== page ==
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I was surprised to read from the www.mrweb.com da…Read more
How many times have you heard a customer say to you “I hope you are making a good profit out of our work”? Probably, never. Possibly, once.
It’s our business to make sure that we make a profit. If we don’t, we will not exist for long. Whilst running a profitable business is important, it also important to work with clients that trust you
A good customer/supplier relationship relies on the supplier providing a good product or service and a feeling of trust being built between the customer and the supplier. I hope you haven’t stopped reading yet as what I have just said so far is remarkably obvious and you might be feeling that it is time to read something else that is more challenging.
But, wait a minute. Is this what happens in the real world? Aren’t many businesses focused on grabbing what work they can and then seeing if they can make a profit and hope that on the way they can build a good customer/supplier relationship? The reason that unsuitable work is grabbed is because of the fear of not being able to find more suitable work. That’s not a reason to have a business relationship, in my view.
Looking back, I would freely admit that when I first set up in business over 30 years ago, my focus was getting in enough business. I should have known when I would gleefully tell staff about a new project I had won and wonder why they looked less enthused than me. They knew it was hard work for not much money and a poor fit for our skills; I was just delighted to win the business.
It wasn’t just about hard work or not enough money. The work was not a good fit for my team. I was sometimes selling services that we were not particularly suited to. It’s being like asking me to paint your house. I could do it, but I would be slow, I would do it badly and you would have to put up with my moaning. I would not be a good fit. And, more to the point, you wouldn’t ask me again.
I’ve learnt – the hard way, I might add – that it’s important for MRDC Software to supply services that it is good at and software that is suitable for the prospective client. Having the wrong client is as bad for me as it is for the client – a lose lose situation, you might call it. Why waste time trying to appease a client who will eventually work out that you are the wrong supplier?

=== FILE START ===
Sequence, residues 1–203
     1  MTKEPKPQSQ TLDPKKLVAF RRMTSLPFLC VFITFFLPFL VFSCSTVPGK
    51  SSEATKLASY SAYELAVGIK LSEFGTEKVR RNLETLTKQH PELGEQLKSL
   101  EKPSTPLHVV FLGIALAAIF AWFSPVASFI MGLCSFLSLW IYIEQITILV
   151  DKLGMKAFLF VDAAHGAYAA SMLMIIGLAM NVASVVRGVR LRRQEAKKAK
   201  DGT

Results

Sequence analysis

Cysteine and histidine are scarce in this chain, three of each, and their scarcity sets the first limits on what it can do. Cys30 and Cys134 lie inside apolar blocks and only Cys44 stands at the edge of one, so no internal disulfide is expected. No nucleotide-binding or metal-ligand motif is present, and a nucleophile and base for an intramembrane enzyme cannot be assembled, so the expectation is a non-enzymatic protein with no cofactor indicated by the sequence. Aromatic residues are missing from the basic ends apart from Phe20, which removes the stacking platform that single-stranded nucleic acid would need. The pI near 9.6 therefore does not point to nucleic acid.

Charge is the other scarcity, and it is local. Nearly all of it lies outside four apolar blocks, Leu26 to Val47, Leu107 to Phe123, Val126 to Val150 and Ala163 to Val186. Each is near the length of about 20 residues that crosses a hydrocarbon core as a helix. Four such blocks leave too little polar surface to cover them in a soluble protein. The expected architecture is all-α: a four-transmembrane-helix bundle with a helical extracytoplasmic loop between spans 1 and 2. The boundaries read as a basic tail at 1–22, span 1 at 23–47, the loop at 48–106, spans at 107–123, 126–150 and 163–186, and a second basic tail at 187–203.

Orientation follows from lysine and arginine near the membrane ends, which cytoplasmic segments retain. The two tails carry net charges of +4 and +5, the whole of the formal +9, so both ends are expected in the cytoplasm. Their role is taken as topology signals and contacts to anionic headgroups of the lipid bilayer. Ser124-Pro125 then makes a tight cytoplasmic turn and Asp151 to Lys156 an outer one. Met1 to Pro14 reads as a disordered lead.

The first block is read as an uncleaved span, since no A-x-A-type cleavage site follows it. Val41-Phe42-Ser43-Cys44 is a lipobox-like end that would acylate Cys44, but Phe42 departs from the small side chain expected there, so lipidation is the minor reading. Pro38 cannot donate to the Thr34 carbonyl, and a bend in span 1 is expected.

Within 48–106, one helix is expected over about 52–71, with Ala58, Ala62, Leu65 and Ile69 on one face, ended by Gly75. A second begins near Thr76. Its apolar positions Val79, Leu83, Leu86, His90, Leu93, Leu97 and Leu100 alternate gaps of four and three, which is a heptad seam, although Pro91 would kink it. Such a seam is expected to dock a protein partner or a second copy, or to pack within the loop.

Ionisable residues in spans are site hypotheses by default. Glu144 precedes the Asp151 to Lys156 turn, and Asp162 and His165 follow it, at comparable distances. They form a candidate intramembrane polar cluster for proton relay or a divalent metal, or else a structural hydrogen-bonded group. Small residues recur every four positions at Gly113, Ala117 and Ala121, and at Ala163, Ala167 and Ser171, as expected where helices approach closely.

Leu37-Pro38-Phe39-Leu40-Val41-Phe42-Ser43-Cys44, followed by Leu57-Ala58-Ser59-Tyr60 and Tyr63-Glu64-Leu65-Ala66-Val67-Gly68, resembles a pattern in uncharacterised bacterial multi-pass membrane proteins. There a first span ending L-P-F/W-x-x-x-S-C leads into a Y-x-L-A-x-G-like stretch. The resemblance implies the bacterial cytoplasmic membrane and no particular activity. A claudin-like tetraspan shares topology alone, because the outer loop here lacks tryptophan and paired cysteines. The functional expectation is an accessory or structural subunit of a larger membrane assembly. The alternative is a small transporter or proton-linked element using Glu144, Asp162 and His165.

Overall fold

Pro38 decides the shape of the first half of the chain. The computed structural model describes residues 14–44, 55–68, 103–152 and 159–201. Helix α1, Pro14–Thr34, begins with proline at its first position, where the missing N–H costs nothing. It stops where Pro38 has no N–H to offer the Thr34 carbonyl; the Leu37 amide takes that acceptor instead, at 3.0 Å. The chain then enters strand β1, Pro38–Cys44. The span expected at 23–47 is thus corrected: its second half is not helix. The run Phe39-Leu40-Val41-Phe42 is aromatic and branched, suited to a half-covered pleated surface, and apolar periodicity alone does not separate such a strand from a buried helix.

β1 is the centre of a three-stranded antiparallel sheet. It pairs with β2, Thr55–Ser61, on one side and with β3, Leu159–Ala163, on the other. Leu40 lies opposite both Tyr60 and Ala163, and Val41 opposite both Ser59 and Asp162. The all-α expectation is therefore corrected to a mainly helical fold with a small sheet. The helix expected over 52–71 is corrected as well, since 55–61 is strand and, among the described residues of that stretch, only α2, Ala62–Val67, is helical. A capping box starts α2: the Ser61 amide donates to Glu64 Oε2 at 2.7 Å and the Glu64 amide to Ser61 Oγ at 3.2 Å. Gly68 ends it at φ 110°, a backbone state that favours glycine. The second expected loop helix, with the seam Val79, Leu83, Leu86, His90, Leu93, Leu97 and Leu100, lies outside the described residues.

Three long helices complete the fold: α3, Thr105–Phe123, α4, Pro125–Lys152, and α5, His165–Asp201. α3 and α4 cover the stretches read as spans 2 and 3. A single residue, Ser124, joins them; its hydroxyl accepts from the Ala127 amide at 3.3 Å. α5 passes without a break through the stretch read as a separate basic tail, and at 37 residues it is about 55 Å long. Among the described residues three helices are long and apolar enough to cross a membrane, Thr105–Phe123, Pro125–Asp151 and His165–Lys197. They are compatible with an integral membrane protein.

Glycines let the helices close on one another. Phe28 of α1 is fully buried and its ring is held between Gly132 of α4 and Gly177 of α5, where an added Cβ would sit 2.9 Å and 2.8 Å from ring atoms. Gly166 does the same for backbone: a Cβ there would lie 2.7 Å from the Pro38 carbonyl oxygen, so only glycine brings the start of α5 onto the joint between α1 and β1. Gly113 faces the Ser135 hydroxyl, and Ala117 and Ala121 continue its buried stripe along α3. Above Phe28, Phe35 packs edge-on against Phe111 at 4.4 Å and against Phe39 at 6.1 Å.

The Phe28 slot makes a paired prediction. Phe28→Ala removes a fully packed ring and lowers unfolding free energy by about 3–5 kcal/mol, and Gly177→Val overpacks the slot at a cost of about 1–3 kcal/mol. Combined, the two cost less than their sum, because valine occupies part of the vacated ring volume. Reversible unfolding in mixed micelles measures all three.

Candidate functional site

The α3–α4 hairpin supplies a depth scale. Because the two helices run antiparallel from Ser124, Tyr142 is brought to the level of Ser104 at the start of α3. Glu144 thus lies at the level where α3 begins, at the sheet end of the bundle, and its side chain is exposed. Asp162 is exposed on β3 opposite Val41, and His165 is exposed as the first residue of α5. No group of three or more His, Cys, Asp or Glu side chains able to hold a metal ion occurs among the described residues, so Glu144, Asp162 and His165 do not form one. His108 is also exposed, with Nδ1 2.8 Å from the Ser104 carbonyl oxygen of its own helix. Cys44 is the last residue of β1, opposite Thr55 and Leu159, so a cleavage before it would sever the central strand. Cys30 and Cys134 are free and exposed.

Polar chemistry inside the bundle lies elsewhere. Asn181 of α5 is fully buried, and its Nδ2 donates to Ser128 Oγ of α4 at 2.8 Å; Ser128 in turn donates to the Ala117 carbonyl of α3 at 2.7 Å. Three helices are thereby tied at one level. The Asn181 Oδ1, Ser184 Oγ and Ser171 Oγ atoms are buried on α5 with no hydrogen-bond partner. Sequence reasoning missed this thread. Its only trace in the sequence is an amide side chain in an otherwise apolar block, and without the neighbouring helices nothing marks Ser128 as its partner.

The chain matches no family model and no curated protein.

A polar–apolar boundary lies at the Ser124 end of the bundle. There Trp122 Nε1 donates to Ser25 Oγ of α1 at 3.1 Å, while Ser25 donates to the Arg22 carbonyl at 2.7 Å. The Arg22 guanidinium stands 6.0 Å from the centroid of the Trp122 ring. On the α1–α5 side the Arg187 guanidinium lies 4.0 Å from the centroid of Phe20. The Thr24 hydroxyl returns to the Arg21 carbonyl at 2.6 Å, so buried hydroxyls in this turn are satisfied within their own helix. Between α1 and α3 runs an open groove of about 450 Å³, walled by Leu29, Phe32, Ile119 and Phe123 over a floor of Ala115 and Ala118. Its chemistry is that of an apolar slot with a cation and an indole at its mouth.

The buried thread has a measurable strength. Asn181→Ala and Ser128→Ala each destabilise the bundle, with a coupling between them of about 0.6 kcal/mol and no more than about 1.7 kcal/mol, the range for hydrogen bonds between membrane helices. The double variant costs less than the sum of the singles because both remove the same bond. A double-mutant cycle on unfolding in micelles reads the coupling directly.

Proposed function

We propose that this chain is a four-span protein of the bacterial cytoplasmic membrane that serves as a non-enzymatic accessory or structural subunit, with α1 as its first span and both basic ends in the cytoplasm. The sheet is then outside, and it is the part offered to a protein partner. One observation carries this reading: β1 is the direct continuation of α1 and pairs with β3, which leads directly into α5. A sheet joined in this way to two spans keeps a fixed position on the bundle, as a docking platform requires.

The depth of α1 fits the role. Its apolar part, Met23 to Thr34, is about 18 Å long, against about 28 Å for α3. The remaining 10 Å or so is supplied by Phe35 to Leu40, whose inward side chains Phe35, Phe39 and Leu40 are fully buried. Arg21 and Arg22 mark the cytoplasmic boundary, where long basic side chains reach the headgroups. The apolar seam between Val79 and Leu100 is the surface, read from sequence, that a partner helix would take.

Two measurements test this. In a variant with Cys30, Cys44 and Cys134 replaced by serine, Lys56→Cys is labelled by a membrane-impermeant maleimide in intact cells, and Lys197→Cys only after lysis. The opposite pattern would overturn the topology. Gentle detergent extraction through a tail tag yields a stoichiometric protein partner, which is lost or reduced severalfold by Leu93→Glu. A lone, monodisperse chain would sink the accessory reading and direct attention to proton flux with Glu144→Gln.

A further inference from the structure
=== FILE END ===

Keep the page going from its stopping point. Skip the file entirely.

Isn’t it just better to say “We are not the right fit. Try, XYZ company”? At least, if that client does require the right product or service for your company in the future, they will be able to trust you.
By saying “no”, I substantially reduce the risk of getting a bad reputation. I increase the percentage of customers that will bring repeat business or renew software licences. We will get a reputation for being a good fit for what we do. This is what I want to achieve and most business owners want to achieve. We could put meaningless claims on our website like “going the extra mile”, “providing quality at a competitive price”, “having software that does everything”, but, in my experience, customers just want a good fit. A good fit is a company that is “on their wavelength” and is good at providing the product or service they want. Yes, price is important, but being a good fit brings real value.
You are probably wondering why I have felt the need for this blog article. It does sound like a bit of a rant in places. I want to work in an industry that can be trusted – that’s good for me. I want to run a company that can be trusted – that’s important to me. And, I want to make a profit. In my view, the best way to make that profit is to have clients that suit the company and the products and services we supply.
If it’s a service, we like to be clear about what service you want and your expectations. We can then tell you what it will cost, how long it will take and detail any risk factors that might damage our partnership. Putting effort into risk factors, pain points, potential difficulties, call them what you will, at the outset has two big benefits. Firstly, everyone gets more focused on the realities of completing the project well. Secondly, expectations are realistic. Extra care and effort can then be applied where necessary.
With software, understanding what a customer wants to achieve from the software is Important, but also knowing about the people who are going to use the software is equally important. We have openly produced blog articles that explain why using MRDCL will be a steep learning curve for many people. Yes, there are some huge productivity gains to be won, but there is some pain to attain them. This might make MRDCL the right or the wrong product. Other products, such as Snap, are easier to use for most tasks whereas some things will need time, training and patience.
I think it’s time to sign off from this article. We are delighted to hear about any products or services we have that you feel may help your company. At an early stage, we will be checking that you are a good fit for us. You will be doing the same to us. If it looks good for both of us, we will hopefully do business. We will make a profit and you will get a great service or a great product. Find out more. If you ask, we will answer.
Please send an email to firstname.lastname@example.org with your thoughts. Do you agree?